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Brief psychotic disorder

Definition

Brief psychotic disorder is a sudden, short-term display of psychotic behavior, such as hallucinations or delusions, which occurs with a stressful event.

Causes

Brief psychotic disorder is triggered by extreme stress, such as a traumatic accident or loss of a loved one. It is followed by a return to the previous level of function. The person may or may not be aware of the strange behavior.

This condition most often affects people in their 20s, 30s, and 40s. Those who have personality disorders are at high risk of having a brief reactive psychosis.

Symptoms

Symptoms of brief psychotic disorder may include the following:

  • Disorganized behavior
  • False ideas about what is taking place (delusions)
  • Hearing or seeing things that aren't real (hallucinations)
  • Strange speech or language

The symptoms are not due to alcohol or other drug abuse and they last longer than a day, but less than a month.

Exams and Tests

A psychiatric evaluation can confirm the diagnosis. A physical exam and laboratory testing can rule out medical illness as the cause of the symptoms.

Treatment

By definition, psychotic symptoms go away on their own in less than 1 month. In some cases, brief psychotic disorder can be the beginning of a more chronic psychotic condition, such as schizophrenia or schizoaffective disorder. Antipsychotic drugs can help decrease or stop the psychotic symptoms.

Talk therapy may also help you cope with the emotional stress that triggered the problem.

Outlook (Prognosis)

Most people with this disorder have a good outcome. Repeat episodes may occur in response to stress.

Possible Complications

As with all psychotic illnesses, this condition can severely disrupt your life and possibly lead to violence and suicide.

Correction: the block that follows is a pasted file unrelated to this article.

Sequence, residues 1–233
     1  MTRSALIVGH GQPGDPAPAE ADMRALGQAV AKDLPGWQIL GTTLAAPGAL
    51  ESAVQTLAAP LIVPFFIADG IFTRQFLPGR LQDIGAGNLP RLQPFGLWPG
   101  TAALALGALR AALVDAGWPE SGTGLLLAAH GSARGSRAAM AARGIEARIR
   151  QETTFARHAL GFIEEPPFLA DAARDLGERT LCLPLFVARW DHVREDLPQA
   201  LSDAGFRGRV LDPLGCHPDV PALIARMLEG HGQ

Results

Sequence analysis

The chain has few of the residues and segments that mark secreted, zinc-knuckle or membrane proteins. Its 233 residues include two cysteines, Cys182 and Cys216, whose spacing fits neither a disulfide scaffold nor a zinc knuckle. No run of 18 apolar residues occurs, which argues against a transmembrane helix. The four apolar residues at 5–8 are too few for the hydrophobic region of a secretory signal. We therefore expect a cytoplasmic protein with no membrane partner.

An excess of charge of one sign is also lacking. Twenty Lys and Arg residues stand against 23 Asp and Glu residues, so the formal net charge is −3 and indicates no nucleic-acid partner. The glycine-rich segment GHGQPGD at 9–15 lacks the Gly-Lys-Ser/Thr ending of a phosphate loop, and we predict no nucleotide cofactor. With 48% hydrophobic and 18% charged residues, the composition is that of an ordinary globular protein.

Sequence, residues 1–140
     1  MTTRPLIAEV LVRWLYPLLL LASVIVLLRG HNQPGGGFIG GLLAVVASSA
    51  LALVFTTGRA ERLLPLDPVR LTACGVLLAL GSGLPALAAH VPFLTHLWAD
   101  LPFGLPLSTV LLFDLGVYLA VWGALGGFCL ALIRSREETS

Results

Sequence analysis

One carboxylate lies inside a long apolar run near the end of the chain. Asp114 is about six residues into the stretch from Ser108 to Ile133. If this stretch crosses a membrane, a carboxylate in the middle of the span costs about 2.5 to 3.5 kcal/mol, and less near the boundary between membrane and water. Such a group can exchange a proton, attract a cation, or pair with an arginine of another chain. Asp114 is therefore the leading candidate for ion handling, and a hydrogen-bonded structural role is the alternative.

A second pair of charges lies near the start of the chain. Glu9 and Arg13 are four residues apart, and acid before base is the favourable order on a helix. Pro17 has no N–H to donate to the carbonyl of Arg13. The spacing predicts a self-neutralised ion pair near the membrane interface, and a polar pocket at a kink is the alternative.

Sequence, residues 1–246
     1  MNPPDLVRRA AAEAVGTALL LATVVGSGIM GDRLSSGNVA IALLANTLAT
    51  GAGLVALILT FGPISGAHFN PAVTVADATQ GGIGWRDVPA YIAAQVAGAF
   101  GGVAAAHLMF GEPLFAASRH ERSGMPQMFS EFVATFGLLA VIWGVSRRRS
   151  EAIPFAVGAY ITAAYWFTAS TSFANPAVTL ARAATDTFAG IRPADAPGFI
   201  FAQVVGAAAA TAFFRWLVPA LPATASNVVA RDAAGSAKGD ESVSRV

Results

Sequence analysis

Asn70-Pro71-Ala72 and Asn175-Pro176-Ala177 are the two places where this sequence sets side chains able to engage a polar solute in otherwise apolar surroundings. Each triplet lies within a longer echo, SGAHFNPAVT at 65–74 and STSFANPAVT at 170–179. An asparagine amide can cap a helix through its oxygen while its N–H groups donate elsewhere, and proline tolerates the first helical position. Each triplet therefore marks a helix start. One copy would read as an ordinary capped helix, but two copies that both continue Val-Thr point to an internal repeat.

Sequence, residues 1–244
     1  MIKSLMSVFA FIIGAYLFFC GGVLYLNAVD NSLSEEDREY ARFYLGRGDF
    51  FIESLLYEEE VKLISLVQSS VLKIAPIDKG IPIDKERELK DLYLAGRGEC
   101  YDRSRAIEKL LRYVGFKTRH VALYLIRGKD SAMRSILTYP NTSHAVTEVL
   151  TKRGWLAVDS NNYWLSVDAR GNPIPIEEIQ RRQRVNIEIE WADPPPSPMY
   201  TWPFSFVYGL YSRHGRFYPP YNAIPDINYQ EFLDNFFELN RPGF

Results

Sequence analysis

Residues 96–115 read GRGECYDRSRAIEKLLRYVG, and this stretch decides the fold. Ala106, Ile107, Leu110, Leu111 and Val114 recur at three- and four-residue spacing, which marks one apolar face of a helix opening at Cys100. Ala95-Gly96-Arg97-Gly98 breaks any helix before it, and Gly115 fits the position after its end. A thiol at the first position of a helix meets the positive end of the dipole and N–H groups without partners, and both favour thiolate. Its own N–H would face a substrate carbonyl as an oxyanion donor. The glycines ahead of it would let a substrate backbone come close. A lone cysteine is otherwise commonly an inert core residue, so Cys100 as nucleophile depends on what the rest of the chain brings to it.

When to Contact a Medical Professional

Call for an appointment with a mental health professional if you have symptoms of this disorder. If you are concerned for your safety or for the safety of someone else, call the local emergency number (such as 911) or go immediately to the nearest emergency room.

References

American Psychiatric Association. Diagnostic and statistical manual of mental disorders. 5th ed. Arlington, Va: American Psychiatric Publishing. 2013.

Freudenriech O, Weiss AP, Goff DC. Psychosis and schizophrenia. In: Stern TA, Rosenbaum JF, Fava M, et al., eds. Massachusetts General Hospital Clinical Psychiatry. 1st ed. Philadelphia, Pa: Elsevier Mosby; 2008:chap 28.


Review Date: 2/24/2014
Reviewed By: Fred K. Berger, MD, Addiction and Forensic Psychiatrist, Scripps Memorial Hospital, La Jolla, California. Also reviewed by David Zieve, MD, MHA, Isla Ogilvie, PhD, and the A.D.A.M. Editorial team.
The information provided herein should not be used during any medical emergency or for the diagnosis or treatment of any medical condition. A licensed medical professional should be consulted for diagnosis and treatment of any and all medical conditions. Call 911 for all medical emergencies. Links to other sites are provided for information only -- they do not constitute endorsements of those other sites. © 1997- A.D.A.M., Inc. Any duplication or distribution of the information contained herein is strictly prohibited.
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